The whole library of Font Awesome has more than 1,600+ icons, and this number does not include the 7,800+ pro icons.
Chances are, your website may not need every single icon from the library. So why load it all into the browser?
Here is how large the size of icon fonts are:
A whopping total of 168kb.
The easiest way to fix this is by replacing your icons with SVG images.
You can download the desktop version of Font Awesome here. This version comes with an SVG version of the icons you can use in your WordPress website.
However, by default, you can’t upload SVG files into WordPress. Therefore, you’ll need to install this plugin: SVG Support to enable SVG file support on your website.
All in all, Icon libraries like Font Awesome can be an efficient way to add icons using CSS, but only if you’re aware of its shortcomings and how you can optimize it.
#4: Unoptimized Images
Compare to 10 years ago, It’s easier than ever to take a picture with your phone and upload it directly to your website.
However, these images tend to be significant and not optimized. Therefore, it’s unfit to be used on websites.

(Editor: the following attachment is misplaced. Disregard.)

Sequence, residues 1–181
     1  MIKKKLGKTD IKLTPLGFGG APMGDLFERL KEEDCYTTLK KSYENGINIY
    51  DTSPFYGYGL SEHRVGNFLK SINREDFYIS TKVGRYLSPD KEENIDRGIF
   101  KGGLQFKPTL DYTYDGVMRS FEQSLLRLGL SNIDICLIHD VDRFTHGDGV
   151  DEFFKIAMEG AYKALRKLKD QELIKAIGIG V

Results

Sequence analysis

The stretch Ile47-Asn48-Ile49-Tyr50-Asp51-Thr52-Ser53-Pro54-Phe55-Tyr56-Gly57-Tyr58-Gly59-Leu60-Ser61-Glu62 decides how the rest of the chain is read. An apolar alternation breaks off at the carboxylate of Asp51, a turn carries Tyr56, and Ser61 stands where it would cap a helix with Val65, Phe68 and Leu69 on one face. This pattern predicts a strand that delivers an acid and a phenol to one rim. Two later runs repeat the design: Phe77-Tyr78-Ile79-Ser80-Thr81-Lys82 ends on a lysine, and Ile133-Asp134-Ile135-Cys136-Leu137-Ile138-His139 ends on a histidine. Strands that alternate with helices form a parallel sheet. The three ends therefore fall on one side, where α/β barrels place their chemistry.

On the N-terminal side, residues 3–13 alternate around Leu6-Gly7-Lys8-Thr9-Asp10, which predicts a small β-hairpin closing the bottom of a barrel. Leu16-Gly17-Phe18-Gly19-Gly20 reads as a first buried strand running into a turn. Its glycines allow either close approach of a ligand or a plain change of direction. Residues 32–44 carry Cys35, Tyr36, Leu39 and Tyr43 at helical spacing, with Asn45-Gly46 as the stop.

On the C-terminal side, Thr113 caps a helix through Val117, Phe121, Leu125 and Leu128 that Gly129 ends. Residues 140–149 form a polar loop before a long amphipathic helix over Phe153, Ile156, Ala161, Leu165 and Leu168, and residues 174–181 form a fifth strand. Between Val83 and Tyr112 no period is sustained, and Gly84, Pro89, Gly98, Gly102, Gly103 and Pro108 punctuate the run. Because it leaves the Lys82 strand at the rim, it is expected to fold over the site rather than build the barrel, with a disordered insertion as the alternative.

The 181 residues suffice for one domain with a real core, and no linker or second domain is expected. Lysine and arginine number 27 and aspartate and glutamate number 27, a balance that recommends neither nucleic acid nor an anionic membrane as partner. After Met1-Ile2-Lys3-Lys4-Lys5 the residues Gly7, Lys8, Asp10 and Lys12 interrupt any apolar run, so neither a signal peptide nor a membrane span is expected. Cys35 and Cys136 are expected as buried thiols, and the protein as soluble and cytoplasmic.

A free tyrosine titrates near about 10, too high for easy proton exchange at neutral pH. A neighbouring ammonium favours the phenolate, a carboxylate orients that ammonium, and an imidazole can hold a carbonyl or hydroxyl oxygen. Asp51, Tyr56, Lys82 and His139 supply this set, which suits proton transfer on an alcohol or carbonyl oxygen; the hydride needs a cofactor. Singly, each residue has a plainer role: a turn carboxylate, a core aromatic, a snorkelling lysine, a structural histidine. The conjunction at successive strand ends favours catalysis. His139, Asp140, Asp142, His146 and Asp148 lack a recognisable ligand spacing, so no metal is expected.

This type of image is large and heavy and can result in slow loading time.
A normal-sized photo taken with an iPhone is around 3MB with 4032 x 3024 pixels in size.
Considered most desktop screens are 1920 pixel wide, and mobile screens are not more than 800 pixels, it’s totally overkilling to use a photo with 4032 x 3024 pixels for your website.
Needless to say, It’s a bad idea to upload a photo that is larger than the size of your screen.
Usually, you will want to compress and optimize your images first before uploading them to your WordPress websites.
Here are the differences between an unoptimized and optimized image:
In general, unoptimized images are a bad idea for a WordPress website.
A compressed and optimized image takes up lesser space in your website and is easier to deliver.